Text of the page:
Friday, March 4, 2016

CNC milling: Stamp part 4

The day has finally come where I finished my stamp/seal project. Almost a year ago I decided to learn 3D modelling and start making it. Now it is complete.

(although I will add a handle later) 
I had put this project on wait until we got a laser cutter, but in the end the CNC mill is probably the better choice. 
In order to fit my logo design into such a small scale, I decided through some trial and error to make a second version of the logo. It is a symbol form of the original. I made 4 attempts to recreate it using different methods. In the end I settled on making the design with open paths (illustrator) because this assured me that no area would ever be thinner than how wide the drillbit might be.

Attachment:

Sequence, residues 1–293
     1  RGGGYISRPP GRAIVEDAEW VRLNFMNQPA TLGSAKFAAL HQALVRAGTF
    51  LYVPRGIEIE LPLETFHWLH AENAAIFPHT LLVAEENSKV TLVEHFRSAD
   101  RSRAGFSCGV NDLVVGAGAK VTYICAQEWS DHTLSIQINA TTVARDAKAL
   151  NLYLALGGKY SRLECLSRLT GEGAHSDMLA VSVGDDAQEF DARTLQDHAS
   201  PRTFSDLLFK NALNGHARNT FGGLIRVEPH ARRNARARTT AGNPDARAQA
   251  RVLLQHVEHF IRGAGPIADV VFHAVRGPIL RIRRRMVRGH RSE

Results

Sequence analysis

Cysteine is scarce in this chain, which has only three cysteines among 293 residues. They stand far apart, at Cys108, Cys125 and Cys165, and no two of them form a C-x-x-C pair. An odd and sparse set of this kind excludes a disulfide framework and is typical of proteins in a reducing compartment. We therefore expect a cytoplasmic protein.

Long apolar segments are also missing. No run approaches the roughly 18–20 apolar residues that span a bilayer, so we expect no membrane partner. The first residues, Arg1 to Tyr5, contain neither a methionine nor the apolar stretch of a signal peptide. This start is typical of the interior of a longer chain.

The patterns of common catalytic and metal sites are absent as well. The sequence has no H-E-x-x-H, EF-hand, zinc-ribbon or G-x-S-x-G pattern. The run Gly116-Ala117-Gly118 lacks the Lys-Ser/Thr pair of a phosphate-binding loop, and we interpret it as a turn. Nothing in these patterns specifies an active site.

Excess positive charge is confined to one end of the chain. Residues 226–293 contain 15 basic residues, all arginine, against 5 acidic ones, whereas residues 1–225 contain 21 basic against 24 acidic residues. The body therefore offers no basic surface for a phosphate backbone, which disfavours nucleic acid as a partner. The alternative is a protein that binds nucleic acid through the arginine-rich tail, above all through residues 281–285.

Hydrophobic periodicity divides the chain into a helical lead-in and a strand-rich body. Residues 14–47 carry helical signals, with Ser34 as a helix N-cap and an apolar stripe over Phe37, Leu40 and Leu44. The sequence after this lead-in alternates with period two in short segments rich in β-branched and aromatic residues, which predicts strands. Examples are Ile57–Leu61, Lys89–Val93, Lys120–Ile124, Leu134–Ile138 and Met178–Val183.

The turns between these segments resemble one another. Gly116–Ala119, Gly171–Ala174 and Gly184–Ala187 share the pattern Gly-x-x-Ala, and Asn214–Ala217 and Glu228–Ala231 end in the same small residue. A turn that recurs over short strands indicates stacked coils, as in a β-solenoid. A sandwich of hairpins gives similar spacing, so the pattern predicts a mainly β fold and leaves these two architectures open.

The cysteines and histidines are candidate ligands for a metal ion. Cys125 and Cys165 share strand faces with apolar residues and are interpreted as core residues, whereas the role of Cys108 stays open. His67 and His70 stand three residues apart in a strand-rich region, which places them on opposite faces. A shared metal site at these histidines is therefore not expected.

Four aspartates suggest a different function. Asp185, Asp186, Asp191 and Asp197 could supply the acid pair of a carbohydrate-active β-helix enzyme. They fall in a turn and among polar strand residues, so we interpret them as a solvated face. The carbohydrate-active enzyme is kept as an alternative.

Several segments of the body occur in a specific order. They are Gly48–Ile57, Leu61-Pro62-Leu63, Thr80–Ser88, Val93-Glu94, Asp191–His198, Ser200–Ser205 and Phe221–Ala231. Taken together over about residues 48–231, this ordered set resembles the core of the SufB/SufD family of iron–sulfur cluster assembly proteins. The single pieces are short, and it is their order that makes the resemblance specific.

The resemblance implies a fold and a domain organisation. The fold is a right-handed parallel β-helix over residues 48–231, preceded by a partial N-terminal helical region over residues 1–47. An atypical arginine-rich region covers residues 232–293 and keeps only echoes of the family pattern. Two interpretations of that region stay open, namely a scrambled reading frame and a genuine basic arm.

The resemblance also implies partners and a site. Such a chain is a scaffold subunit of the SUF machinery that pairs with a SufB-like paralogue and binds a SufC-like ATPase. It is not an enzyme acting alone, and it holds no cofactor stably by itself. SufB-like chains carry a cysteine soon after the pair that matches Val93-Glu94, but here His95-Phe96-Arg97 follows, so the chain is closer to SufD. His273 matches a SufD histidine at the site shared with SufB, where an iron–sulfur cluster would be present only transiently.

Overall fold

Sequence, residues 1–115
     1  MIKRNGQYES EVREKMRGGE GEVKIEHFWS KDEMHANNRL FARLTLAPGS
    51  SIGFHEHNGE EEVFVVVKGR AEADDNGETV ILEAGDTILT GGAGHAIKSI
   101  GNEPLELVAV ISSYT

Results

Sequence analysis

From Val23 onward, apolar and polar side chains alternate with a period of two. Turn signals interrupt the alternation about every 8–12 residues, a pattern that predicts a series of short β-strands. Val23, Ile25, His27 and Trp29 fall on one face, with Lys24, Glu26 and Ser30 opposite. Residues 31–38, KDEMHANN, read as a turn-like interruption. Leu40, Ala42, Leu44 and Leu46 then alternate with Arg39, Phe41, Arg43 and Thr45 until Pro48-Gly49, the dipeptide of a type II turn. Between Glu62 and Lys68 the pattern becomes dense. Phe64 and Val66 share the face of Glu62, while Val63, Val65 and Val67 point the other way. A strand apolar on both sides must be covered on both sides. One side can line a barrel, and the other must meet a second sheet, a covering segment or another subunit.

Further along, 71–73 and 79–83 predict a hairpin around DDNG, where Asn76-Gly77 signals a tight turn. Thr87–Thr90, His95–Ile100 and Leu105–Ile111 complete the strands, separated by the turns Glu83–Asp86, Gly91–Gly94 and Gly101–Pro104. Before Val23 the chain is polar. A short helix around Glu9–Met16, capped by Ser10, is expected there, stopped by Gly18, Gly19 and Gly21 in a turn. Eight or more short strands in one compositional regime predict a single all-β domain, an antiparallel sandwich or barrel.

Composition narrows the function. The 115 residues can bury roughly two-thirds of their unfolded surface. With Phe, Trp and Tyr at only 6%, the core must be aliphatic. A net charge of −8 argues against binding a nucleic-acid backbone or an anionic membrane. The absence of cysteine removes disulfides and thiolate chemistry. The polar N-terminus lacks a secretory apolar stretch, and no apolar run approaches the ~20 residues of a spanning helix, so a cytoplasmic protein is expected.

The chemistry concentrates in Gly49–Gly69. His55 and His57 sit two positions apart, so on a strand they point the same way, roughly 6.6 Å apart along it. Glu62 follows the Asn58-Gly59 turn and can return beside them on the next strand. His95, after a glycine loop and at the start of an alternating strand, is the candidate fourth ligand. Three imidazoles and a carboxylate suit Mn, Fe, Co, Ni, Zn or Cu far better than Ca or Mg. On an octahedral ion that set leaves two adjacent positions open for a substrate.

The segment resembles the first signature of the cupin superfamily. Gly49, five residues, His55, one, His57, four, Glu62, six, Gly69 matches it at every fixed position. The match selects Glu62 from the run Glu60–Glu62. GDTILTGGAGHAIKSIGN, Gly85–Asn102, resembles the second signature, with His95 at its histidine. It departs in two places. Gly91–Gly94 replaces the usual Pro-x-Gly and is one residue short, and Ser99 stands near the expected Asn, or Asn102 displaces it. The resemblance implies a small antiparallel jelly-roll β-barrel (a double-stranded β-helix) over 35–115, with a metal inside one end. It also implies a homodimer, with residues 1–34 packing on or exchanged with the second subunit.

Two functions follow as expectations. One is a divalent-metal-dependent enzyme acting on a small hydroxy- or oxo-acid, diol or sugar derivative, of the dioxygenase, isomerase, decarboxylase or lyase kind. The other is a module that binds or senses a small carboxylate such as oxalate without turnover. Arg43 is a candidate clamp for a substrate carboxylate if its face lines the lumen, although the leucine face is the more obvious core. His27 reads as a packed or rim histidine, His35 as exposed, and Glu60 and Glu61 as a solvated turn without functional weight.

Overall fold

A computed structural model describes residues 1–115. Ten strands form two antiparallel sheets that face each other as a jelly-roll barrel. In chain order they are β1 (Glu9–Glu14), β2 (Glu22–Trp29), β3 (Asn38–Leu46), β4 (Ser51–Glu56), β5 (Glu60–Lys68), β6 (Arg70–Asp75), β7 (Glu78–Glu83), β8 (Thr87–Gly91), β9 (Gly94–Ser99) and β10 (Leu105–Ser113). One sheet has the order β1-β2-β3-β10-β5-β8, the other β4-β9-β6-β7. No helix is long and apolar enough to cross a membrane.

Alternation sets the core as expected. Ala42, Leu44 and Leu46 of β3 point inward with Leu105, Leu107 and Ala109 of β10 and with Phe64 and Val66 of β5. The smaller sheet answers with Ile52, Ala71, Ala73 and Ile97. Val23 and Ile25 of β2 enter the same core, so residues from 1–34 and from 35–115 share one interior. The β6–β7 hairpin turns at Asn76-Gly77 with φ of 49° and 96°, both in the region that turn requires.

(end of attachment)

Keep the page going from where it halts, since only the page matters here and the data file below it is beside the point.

First I drew the shape as a sketch, real size 2 cm wide. Above is an automated vector shape created with Adobe Capture. It makes messy paths. I tried tracing it, but was unhappy with the shapes I created. There is some appeal to the blotchy looking result above, but not for this purpose, where I wanted a clean look.

Above is the final version using set width open toolpaths. It wasn't what I had thought of first, but I quickly became fond of the symbol.

With the help of Nordvik we milled the seal in aluminium. I believe that the part being in metal helps disperse the heat from the wax fast, making it much more functional than other materials.

The part is 35 mm wide. The path is 2mm

Final results, testing with ordinary candle wax.

Here is a bonus picture of Yoshi at work taking pictures of the milling machine working. We milled at Bitraf.

Recursive photoception

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